George Museum

The Drostdy, built in 1811. It's theme is the flourishing Timber Industry where old timber tools, implements yellowwood woodcutter's cottage

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History of George
George in the South Cape, Garden Route is the sixth oldest town in South Africa - the first founded under British rule - and was named after the reigning monarch in 1811, King George III. The Outeniqua forests were the reason the Dutch East India Company, in 1776, established a woodcutters outpost on the site of what became George in 1811. It was declared a drostdy by the Earl of Caled on on 23 April 1811. George gained municipal status in 1837.
The building shown on this photograph was situated at the corner of York and Hibernia Streets, George, where the Old Mutual Building now stands, directly opposite the Standard Bank. This photograph records the opening of the late H.J Raubenheimer’s legal practice in 1906, when he joined the practise of Mr J.W.L. Krige. This practice was taken over by Mr Raubenheimer on 1 June 1907 when Mr Krige moved to Mossel Bay. The persons in the photograph are from left to right- Mr Raubenheimer, Adam Barnard of Rondvlei (the first client), Mr Krige and J.T. Ferreira. The pharmacy of J.H Morris & Co. was later erected in Hibernia Street where the tree on the right is shown

On 23 April 1811, the Earl of Caledon, British Governor of the Cape, proclaimed the new magisterial district of George. The new town was named after the reigning monarch of England, King George III. The first magistrate, Adrian van Kervel, supervised the buiding of the Drostdy (residency) in 1812. During 1826, the building burnt down and was rebuilt as a private home in 1831 by William Hollett. It became the legendary Victoria Hotel in the late 19th century under Alex Fotheringham and continued as such until the property was sold to the George Municipality in 1972. It now houses the George Museum.

George’s first museum, established in 1967, moved from a room in a shop on the corner of Courtenay and Mitchell Streets to the Old Town House (now a restaurant) in Market Street in 1968 and then to its present home in 1976. The George Museum reopened after restoration and renovation in 1992. An outdoor complex consisting of plantings of fynbos and forest trees, as well as exhibition halls and original yellowwood buildings is the focal point of the museum’s On 23 April 1811, the Earl of Caledon, British Governor of the Cape, proclaimed the new magisterial district of George. The new town was named after the reigning monarch of England, King George III. The first magistrate, Adrian van Kervel, supervised the buiding of the Drostdy (residency) in 1812. During 1826, the building burnt down and was rebuilt as a private home in 1831 by William Hollett.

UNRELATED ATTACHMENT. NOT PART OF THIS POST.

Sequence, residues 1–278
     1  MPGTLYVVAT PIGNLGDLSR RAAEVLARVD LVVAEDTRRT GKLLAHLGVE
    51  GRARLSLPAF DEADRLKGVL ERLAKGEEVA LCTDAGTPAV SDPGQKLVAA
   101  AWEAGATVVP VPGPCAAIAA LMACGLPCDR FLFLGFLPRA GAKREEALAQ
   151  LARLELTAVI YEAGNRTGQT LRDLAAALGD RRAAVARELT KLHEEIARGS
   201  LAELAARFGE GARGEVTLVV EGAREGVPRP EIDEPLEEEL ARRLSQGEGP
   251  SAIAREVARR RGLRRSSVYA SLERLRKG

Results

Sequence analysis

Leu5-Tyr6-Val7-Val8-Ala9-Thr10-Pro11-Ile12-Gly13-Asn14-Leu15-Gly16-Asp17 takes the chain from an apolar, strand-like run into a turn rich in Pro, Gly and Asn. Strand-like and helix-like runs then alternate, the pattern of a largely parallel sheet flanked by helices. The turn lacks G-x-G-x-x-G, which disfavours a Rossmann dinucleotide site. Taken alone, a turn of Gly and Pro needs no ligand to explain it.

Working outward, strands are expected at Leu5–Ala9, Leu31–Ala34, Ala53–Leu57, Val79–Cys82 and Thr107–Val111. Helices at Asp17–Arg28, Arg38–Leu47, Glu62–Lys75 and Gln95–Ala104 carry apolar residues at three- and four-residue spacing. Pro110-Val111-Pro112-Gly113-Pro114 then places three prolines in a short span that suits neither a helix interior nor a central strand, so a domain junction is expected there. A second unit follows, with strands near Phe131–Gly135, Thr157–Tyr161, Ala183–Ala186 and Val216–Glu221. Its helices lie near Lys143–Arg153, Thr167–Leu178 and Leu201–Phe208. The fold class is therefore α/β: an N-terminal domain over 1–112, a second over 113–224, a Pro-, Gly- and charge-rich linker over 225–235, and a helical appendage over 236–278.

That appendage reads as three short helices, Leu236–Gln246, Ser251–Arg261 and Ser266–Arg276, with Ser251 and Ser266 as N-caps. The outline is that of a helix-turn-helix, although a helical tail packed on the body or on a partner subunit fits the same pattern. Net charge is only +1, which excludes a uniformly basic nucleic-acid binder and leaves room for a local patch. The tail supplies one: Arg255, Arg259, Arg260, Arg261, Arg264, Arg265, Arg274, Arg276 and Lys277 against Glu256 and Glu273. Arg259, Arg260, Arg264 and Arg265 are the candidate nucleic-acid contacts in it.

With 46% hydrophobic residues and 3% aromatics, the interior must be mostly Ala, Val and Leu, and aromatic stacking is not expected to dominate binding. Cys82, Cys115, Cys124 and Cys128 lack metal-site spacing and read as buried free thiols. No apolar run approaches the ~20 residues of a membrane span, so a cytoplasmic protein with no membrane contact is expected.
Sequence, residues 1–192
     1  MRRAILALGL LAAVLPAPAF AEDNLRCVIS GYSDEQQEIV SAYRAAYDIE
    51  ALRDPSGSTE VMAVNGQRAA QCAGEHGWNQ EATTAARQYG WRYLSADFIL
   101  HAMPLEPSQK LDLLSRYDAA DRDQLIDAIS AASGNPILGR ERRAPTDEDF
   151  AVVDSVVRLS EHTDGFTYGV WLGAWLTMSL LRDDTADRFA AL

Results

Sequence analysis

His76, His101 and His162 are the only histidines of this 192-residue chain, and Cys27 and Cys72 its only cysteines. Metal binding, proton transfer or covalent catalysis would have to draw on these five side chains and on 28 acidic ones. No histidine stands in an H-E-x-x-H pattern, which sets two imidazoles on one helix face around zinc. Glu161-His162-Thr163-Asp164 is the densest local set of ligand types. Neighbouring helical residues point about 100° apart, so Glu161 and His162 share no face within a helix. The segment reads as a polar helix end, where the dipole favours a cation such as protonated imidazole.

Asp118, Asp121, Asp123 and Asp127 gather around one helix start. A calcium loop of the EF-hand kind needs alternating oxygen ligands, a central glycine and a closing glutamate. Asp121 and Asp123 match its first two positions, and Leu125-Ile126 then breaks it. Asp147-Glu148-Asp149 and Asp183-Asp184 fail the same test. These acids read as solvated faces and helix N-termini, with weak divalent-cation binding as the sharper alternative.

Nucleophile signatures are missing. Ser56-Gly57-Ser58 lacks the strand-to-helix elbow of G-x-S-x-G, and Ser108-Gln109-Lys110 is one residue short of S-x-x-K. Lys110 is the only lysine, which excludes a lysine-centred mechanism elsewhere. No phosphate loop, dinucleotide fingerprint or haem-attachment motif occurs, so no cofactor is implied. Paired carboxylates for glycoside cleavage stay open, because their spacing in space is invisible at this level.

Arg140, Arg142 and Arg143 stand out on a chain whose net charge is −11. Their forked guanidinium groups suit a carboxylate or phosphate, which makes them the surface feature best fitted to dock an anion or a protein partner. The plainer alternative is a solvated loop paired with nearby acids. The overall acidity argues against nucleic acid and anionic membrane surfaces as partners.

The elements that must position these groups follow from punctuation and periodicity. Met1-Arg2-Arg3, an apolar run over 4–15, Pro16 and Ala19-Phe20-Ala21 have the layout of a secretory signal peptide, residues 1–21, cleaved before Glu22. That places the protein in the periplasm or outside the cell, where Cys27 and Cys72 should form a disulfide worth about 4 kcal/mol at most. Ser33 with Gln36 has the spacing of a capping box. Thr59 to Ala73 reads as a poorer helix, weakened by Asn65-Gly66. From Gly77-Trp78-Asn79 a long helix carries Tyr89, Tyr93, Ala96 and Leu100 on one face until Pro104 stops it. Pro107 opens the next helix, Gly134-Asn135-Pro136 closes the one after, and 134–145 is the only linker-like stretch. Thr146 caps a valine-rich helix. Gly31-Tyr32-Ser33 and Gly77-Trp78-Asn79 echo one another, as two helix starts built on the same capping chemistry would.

It became the legendary Victoria Hotel in the late 19th century under Alex Fotheringham and continued as such until the property was sold to the George Municipality in 1972. It now houses the George Museum.

George’s first museum, established in 1967, moved from a room in a shop on the corner of Courtenay and Mitchell Streets to the Old Town House (now a restaurant) in Market Street in 1968 and then to its present home in 1976. The George Museum reopened after restoration and renovation in 1992. An outdoor complex consisting of plantings of fynbos and forest trees, as well as exhibition halls and original yellowwood buildings is the focal point of the museum’s main theme - the indigenous woods and associated industries of the Southern Cape. A display of woodworking tools and domestic, agricultural and industrial objects was opened in December 1994. Museum staff are busy with research into the wood industry and the layout and design of the project. Come and have a look at the small "Indigenous Forest" and pose for a photograph.
An unusual and large collection of mechanical musical instruments, ranging from Swiss musical boxes of 1796 to Edison phonographs of the late 19th century and His Master’s Voice gramaphones of the 1950’s is displayed there. The fantasy paintings of Ruby Reeves who lived in George from the early fifties until her death in 1986, have proved a popular and much loved exhibit. Take time to examine them thoroughly and they will start to tell their own tales and you will see some of her fairies appearing again and again in different paintings.

Museum staff are busy with research into the wood industry and the layout and design of the project. Come and have a look at the small "Indigenous Forest" and pose for a photograph.
An unusual and large collection of mechanical musical instruments, ranging from Swiss musical boxes of 1796 to Edison phonographs of the late 19th century and His Master’s Voice gramaphones of the 1950’s is displayed there. The fantasy paintings of Ruby Reeves who lived in George from the early fifties until her death in 1986, have proved a popular and much loved exhibit. Take time to examine them thoroughly and they will start to tell their own tales and you will see some of her fairies appearing again and again in different paintings.